Sinhagiri, also known as Sigiriya, is an ancient rock fortress in Sri Lanka's northern Matale District. It is located near Dambulla in Central Province. This site is of historic and archaeological importance. It is dominated by a huge column of rock measuring 180m (590 ft).
According to the ancient Sri Lankan chronicle, the Culavamsa, the area was once a forest. After storms and landslides, it became a hill. King Kashyapa (477-495 AD) selected the area as his capital. This rock was his foundation and he decorated the sides of his palace with colorful frescoes. He built a gateway in a form of a huge lion on a small plateau located halfway up this rock's side. This structure is the source of the name Sinhagiri (the Lion Rock), which is an etymology that is similar to Sinhapura (the Sanskrit name for Singapore, The Lion City).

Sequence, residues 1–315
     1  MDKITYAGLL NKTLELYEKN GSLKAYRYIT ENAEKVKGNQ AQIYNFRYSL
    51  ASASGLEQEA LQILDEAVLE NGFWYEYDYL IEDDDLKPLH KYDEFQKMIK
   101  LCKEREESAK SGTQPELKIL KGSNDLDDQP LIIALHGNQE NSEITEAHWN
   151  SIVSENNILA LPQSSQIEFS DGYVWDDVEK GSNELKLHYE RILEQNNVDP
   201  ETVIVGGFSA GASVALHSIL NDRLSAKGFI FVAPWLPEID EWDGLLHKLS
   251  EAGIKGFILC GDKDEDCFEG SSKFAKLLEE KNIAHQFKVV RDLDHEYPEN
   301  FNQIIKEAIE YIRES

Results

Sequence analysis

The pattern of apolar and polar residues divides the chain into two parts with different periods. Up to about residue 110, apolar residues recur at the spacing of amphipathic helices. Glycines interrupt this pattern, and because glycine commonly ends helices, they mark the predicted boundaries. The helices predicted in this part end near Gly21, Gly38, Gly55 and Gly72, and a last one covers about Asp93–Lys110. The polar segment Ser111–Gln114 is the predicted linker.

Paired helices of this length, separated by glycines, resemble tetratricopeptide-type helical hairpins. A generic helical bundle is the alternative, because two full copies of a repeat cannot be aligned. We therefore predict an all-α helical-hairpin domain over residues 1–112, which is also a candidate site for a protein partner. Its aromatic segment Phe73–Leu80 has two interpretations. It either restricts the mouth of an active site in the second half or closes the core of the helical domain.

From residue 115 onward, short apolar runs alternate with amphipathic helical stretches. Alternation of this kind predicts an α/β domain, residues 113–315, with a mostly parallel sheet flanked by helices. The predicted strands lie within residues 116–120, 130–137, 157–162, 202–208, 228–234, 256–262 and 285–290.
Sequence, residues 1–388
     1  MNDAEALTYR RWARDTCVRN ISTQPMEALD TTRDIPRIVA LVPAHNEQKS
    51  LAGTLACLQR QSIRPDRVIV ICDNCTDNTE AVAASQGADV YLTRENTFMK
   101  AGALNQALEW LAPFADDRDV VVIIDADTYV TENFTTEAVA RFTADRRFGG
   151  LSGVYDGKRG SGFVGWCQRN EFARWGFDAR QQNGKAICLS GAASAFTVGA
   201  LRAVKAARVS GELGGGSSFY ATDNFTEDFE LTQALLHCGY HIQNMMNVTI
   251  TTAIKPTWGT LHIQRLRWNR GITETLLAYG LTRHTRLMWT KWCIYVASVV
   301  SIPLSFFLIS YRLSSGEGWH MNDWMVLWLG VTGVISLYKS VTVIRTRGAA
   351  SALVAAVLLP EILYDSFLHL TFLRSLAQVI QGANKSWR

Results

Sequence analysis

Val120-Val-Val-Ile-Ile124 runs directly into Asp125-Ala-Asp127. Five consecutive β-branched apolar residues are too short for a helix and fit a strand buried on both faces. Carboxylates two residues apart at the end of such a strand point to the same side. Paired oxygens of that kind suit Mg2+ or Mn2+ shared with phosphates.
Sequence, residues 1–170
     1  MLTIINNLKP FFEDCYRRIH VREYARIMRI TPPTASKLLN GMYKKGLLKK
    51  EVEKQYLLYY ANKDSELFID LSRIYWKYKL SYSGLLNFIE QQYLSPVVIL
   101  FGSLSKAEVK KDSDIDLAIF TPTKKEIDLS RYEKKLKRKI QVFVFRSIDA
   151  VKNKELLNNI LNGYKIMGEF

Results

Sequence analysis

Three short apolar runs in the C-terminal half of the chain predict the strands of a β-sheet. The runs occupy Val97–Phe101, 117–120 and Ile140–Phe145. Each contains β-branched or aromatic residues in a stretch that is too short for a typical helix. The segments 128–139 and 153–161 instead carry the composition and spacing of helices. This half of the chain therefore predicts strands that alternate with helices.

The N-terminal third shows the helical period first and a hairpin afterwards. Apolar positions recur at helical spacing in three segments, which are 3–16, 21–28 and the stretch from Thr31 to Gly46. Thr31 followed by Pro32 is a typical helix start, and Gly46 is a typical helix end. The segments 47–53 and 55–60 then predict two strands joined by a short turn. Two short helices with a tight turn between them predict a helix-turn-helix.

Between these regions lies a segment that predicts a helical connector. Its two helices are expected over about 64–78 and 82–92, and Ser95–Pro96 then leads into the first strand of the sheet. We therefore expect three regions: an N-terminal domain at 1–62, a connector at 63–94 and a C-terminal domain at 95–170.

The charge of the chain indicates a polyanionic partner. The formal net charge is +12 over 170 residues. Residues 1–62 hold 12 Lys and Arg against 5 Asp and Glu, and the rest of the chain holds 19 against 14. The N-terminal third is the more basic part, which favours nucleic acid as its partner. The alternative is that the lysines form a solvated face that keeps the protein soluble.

After the death of the king, the capital and royal palace were abandoned. It was used until the 14th Century as a Buddhist monastery. Today, Sigiriya is a UNESCO World Heritage Site. It is one the most preserved examples of ancient urban planning.